Ribbit and Racket: The Effects of Anthropogenic Noise on Anuran Calling Behavior in the Chicago Region
thesisposted on 2020-08-01, 00:00 authored by Nolan K Bielinski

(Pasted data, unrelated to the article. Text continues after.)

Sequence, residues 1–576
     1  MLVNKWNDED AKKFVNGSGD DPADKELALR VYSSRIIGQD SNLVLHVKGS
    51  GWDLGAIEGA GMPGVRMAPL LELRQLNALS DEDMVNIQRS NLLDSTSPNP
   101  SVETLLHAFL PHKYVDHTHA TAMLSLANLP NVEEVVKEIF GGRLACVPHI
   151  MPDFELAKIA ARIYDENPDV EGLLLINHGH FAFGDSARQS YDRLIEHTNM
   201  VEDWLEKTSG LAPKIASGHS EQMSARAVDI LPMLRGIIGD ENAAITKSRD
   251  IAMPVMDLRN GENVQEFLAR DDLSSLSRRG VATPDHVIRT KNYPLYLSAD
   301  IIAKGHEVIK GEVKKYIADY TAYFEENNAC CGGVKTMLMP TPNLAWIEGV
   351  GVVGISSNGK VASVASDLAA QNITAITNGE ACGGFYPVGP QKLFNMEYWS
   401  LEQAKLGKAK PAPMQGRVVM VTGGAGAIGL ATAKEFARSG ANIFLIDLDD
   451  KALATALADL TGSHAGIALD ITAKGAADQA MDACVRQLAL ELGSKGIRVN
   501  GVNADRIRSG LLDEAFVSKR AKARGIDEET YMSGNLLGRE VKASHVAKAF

Anthropogenic noise represents a major obstacle to anurans in urban landscapes because they rely heavily on vocalizations to find breeding grounds, choose mates, and settle territorial disputes. A large proportion of urban frogs may be affected by noise, as past research suggests that road-side wetlands are a major contribution to frog biodiversity and migration ability in developed landscapes. Thus, there is a need for improved monitoring and research techniques for studying anurans in urban habitats so we can better understand and mitigate the effects of noise on the ecology, behavior, and physiology of frogs. My dissertation uses soundscape methods to achieve the following: (Chapter 1) Improve how automated data collection is used in urban frog call surveys. (Chapter 2) Conduct population-level noise playback experiments to investigate how patterns in call attributes change across species, genera, and natural history characteristics. (Chapter 3) Compare results for individual-level versus population-level noise playback experiments. For my public defense, I will discuss the community-level playback study (Chapter 2). I conducted a total of 155 playback experiments on nine anuran species across 32 breeding sites around the greater Chicago region. I investigated whether patterns in call attributes (call rate, dominant frequency, call length, and pulse rate) follow taxonomic or natural history characteristics. I also tested whether the anthropogenic noise source (cars, airplanes, or trains), or the magnitude of noise level (peaks of 70, 80, or 90 dB) affected behavioral responses. I detected multivariate clustering by genus and species but not by natural history characteristics. I found notable consistency in the changes to call rate, as eight species reduced their call rate. This type of consistency has not been detected across species from past publications. The only species not to reduce call rate was also the only one to increase dominant frequency, suggesting that these are two mutually exclusive strategies for dealing with anthropogenic noise. I did not detect major patterns in call length or pulse rate changes. I also did not see consistent changes between the different noise sources, indicating that our populations were unable to perceive differences in anthropogenic noise sources and act differently as a response. For noise magnitude, most behavioral changes occurred in the 90 and 80 dB treatments, indicating that noise may only be affecting calling behavior in the loudest habitats, such as roadside ditches and retention ponds. Considering that artificial ponds contribute considerably to the biodiversity and dispersal ability of frogs in urban landscapes, noise pollution should be a concern for conservationists.